Sunday, May 3, 2009

What Barrie Wrote Out the Window

Back in this post I brought up a discrepancy in Barrie’s work. Namely the amount of time Peter Pan spent at his parents’ house before flying away. It varies by version. But is it really a discrepancy? Let’s have a look.

In the eternal boy's first ever appearance, Peter Pan in Kensington Gardens*, we are told he flew away seven days after being born. Though just one week does not sound very long, it is in fact the most amount of time given for the scenario.

For when Barrie created further adventures in the play, Peter Pan, or The Boy Who Would Not Grow Up we hear Pan say he left the day of his birth. Aha! The discrepancy!

You’ve probably heard (read?) me say that Barrie preferred the book over the play. What does he write in the novel? Wendy, I ran away the day I was born. So does it stand to reason he’d definitely switched it in his mind to a day rather than a week? Possibly.

However, the book is technically not the final version of the story. Consider from his screenplay: I ran away from home, Wendy, soon after I was born. Aha! Peter states it a little differently now. Note the ambiguity – “soon after.” Could be any time from the same day to seven days later.

So what are we to make of the situation? We could just dismiss it right here, content in knowing that Peter Pan spent a very short time at home. Perhaps the exact amount isn’t important. Very possible, but one more factor must be considered.

It can even be considered the solution – one provided by Barrie. Don’t forget Peter’s memory is not to be trusted. Plus, he’s inclined to make stuff up. Just as with the directions to the Neverland, Peter said anything that came into his head at the time. In fact, it’s also supported by the text of the novel: “I don’t know,” he replied uneasily, “but I am quite young.” He really knew nothing about it, he had merely suspicions, but he said at a venture, “Wendy, I ran away the day I was born.” Therefore, it would seem definite that Peter is just wrong on the amount. He doesn’t remember exactly. Yet we also know from the text that he did live in Kensington Gardens for a while, so the first story did occur. (Yes, Peter Pan is the one who tells us this bit of history as well, but it's supported by an entire novella.)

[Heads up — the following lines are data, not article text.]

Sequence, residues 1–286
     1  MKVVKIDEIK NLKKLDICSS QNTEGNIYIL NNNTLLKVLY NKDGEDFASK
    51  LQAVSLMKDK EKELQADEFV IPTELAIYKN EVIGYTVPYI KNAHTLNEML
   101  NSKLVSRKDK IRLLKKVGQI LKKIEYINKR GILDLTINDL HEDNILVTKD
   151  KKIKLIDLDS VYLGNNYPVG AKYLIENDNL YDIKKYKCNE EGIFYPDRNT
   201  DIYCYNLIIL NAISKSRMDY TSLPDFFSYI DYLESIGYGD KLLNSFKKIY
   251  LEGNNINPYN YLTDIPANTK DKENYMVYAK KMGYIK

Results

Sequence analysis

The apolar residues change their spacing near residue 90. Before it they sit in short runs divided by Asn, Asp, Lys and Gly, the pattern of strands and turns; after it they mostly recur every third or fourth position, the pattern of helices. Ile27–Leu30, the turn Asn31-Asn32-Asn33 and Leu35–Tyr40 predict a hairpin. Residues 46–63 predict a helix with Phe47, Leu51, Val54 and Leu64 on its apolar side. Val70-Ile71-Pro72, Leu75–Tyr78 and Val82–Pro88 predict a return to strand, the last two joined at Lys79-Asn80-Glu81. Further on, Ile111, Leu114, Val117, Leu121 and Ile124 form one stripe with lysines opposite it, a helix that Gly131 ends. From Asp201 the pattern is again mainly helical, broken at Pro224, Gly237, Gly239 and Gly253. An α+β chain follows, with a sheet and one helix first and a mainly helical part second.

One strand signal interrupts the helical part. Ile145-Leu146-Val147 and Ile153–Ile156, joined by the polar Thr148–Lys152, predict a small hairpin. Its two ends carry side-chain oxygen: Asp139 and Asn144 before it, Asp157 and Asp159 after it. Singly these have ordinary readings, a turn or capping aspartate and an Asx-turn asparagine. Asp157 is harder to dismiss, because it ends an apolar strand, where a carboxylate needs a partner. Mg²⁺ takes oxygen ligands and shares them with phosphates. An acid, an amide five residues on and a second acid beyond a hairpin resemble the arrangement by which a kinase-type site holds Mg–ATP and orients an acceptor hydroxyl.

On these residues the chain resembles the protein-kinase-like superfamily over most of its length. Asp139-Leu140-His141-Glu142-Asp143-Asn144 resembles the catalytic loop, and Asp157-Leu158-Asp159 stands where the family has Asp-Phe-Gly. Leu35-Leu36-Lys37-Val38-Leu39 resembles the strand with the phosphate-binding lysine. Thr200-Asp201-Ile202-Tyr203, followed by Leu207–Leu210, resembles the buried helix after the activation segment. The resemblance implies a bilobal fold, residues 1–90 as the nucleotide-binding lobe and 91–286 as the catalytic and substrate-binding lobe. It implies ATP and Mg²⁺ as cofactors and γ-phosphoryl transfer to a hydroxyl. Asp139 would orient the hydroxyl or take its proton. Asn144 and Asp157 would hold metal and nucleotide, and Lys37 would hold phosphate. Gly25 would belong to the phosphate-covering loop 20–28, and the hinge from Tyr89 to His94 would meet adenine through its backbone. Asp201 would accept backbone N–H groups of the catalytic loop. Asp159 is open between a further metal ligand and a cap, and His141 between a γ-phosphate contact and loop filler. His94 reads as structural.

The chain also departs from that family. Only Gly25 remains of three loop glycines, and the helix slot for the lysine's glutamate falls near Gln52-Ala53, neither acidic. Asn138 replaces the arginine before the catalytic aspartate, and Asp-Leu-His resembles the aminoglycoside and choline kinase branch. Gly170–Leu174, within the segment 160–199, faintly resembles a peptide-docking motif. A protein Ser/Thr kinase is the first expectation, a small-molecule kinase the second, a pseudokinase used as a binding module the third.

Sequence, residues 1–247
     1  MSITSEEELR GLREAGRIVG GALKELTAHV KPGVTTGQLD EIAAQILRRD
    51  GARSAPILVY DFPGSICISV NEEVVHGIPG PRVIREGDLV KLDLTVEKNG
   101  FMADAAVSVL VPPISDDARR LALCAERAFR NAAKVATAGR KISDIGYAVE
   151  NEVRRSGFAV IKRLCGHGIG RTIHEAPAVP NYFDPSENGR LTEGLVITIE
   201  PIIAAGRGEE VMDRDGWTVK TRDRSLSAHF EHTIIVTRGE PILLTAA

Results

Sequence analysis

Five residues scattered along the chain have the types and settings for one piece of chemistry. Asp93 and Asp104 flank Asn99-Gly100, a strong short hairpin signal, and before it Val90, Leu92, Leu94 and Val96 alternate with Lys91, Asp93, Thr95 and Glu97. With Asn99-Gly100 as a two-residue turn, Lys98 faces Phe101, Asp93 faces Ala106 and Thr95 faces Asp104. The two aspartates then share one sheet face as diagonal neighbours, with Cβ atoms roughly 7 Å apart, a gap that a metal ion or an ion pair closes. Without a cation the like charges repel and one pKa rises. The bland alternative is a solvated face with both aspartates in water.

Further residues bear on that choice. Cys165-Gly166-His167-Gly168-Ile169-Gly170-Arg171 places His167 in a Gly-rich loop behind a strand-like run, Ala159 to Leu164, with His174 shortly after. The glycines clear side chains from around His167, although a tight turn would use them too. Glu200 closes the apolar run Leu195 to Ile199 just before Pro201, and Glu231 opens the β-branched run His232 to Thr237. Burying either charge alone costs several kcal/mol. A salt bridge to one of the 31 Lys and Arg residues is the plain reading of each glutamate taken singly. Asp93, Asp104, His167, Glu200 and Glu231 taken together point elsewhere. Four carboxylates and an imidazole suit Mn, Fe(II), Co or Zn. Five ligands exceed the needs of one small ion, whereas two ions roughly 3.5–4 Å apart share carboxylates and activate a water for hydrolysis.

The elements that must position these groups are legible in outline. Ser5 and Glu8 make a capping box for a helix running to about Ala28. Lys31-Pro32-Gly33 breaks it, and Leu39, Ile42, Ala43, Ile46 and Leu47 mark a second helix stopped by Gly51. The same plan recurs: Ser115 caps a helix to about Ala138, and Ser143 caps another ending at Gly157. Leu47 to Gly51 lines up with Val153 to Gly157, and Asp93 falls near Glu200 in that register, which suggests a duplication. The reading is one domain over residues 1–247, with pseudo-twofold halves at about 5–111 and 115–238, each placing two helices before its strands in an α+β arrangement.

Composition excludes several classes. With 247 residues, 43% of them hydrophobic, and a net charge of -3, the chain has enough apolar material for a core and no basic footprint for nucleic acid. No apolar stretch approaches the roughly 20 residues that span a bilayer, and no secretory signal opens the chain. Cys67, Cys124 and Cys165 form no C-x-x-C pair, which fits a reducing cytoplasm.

So what are we to conclude?
The “soon after” of the screenplay is obviously meant to cover both accounts of the event. But given Pan’s lack of understanding and knowledge, we must look to the place which has no such ties to Peter relating the story. Which takes us back to the Peter Pan origin adventure, where the narrator states the duration as a week. Coupling it with Barrie's preference to the book form, it also makes sense as Peter Pan in Kensington Gardens is both a book and its events are not negated by any version of the story. Thus, seven days is the correct answer.

I hope I’ve cleared it up.

Unfortunately, Barrie is not without a few other mysteries in his most famous tale. And the “big one” of these is quite a doozy – but I’ve tinkered with it and I believe I have a Barriesque solution. I’ve mentioned my interquel of Peter Pan in Kensington Gardens and Peter and Wendy before. But that’s a story for another day.

*Technically, it's The Little White Bird, as PPiKG is a story within that story.

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